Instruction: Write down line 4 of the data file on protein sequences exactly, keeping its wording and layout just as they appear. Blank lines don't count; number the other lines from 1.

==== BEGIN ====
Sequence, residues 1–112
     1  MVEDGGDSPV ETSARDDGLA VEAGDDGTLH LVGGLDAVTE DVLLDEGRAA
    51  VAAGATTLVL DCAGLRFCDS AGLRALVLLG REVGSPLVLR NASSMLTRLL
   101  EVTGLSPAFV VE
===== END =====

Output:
   101  EVTGLSPAFV VE